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Designing for the Journey

· 9 min read
Candace Van Oostrum

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Why would a highly technical and backend engineering–focused company even need a designer?

When I first started my design career, there was no YouTube, Twitter, or responsive design. Frankly, designers and developers didn’t talk. Designers and developers were on different floors, in different buildings, and in different cities. This was quite problematic, and co-locating teams became the norm to force and foster collaboration.

In my earlier days I used to be insecure about being the only woman at the table and believed that I had to be territorial about my UX title. When engineers shared their opinions on what the user experience should be, I regrettably didn’t take their input very generously. I thought it was my job to be the expert and the sole person with an opinion on the UX. During the past 20 years I’ve had the privilege of working with some truly amazing engineers, solution architects, scrum masters, engineering managers, you name it. From those working experiences, I’ve really come to depend on my engineering counterparts to help shape and realize the UX vision.

This personal transformation took time. There were bumps, and I learned some really valuable lessons the hard way. The most important lesson I learned was how to build meaningful relationships across the aisle. I can say with a high degree of confidence that I owe a great part of my success to collaborating, pairing, and partnering with engineers.

What I love most about my job is that product designers cut across entire organizations. The success of the role is largely dependent on building trust and establishing true partnerships with key stakeholders. Design interfaces with growth marketing, dev rel, product, engineering, and customer success. This gives us a unique vantage point inside a business because we synthesize pain points, needs, and business challenges across multiple business units. Contrast this with the visibility of prod-eng teams, who largely operate within their own scope, mandate, and service area ownership. Although these prod-eng teams have a very deep and specific understanding of their services and use cases, they have a limited knowledge of how other services or parts of the product work.

As companies grow, the service topology, dependencies, and complexities grow hand-in-hand. Along with this growth comes increased debt (both UX and tech), high on-call volumes, constant interruptions, unplanned work, and weak or unreliable institutional knowledge. Not only do these issues surface in the UX, but the product design teams are often assigned to fix them, without fixing the underlying problems.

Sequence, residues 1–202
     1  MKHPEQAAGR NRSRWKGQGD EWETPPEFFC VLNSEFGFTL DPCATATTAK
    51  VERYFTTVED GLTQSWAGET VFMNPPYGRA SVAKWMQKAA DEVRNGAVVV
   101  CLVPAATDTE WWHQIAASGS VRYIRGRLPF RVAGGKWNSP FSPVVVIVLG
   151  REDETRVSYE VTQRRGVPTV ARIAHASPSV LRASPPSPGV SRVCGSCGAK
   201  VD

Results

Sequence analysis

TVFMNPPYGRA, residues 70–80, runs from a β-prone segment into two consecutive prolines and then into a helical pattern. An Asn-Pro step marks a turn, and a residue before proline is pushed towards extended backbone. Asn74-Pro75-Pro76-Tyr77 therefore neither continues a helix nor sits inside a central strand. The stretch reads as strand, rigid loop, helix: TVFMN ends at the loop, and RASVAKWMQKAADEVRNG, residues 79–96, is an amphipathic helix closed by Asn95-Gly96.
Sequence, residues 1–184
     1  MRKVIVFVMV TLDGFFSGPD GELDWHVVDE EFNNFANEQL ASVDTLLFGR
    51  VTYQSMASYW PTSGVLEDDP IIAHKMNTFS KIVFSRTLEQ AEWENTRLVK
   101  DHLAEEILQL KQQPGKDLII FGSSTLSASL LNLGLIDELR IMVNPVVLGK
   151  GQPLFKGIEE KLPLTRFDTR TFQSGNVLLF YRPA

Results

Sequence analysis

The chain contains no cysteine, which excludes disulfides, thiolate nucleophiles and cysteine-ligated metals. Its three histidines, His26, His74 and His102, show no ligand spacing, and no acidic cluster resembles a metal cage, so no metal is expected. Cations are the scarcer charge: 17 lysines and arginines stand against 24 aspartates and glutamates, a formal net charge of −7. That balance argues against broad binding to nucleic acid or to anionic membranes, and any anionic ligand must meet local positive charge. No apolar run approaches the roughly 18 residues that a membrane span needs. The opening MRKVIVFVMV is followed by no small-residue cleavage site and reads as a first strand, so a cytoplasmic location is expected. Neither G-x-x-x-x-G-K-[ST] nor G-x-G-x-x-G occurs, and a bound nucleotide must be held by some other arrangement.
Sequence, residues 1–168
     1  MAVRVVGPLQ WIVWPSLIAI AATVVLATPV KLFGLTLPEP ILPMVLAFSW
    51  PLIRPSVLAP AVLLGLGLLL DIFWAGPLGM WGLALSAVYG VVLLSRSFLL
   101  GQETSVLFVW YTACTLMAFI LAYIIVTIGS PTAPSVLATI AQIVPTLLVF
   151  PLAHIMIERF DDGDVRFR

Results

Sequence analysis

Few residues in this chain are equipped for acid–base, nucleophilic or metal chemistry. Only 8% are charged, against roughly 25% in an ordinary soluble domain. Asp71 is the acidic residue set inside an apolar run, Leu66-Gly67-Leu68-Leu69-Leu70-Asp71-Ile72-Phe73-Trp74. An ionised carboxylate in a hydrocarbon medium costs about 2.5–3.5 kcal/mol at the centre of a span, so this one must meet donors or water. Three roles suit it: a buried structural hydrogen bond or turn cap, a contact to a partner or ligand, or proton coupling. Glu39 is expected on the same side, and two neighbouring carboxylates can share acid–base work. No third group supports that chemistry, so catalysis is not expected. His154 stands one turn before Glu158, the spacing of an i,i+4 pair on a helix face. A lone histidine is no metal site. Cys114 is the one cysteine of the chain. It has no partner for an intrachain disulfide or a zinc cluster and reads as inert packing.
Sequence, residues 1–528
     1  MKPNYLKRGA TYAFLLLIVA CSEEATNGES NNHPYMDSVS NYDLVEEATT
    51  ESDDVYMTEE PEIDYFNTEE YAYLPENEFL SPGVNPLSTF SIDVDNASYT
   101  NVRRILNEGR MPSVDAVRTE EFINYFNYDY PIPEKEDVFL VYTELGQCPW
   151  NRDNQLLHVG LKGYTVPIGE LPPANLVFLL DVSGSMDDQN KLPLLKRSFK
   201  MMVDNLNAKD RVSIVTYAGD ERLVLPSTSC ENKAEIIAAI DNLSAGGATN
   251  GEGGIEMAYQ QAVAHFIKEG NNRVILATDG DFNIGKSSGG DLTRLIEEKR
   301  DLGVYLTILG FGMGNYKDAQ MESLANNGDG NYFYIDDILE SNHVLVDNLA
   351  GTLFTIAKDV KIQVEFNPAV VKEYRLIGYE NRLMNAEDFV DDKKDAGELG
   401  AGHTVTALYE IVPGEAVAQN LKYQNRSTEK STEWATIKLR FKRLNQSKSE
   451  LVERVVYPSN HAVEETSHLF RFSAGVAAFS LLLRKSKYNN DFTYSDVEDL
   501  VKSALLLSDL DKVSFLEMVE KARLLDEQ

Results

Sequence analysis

For example, I worked with a prod-eng team to improve the usability of a core feature. We found, to our surprise, that when the user finished a three-step flow creation, the object wasn’t immediately created. The user was redirected back to the landing page without receiving a success message or any reference of the newly created item, because it in fact had not yet been created due to our adoption of eventual consistency. Unbeknown to the user, the request went into a queue and would eventually be created, and the user would retry creating the item.

What happens next depends on how long it takes for the queue to process the request. In most cases, by the time the user tried to re-enter the name input, the inline validation would throw an error that the name already exists. We observed that users would slightly change the name to satisfy the error message and continue, now adding a second item to the queue and re-entering this loop. In other scenarios, users would move to the final step in the process, hit the create button, and get some gnarly errors because the name already existed and wasn’t caught in the first step because it was still in the queue.

We pulled 90 days of historical data to understand what was actually causing delays for processing the request. We found that the majority of requests took 3 to 8 seconds but could potentially last up to 5 minutes, and in rare circumstances even longer. With this data in hand, we started to ideate on different ways to handle this delay in the UI. We could definitely hold the button with a spinner to solve the 3-second delay, but that wouldn’t work for a 5-minute request. Anything longer than a few seconds and the user would assume the app had frozen. Because we didn’t know how long the delay would be, we couldn’t actually design for various time ranges.

The only remedy was to go to the pipeline team and have them extract all the creation requests from the pipeline. This was well beyond the scope of this prod-eng team and considered part of the legacy machinery. Simply put, it’s just how things worked. The potential cost of this investment solely for presenting near real-time user experiences and eliminating confusing user errors and duplicative work was unjustifiable. We accepted that the new UX was a big improvement as it was and moved on.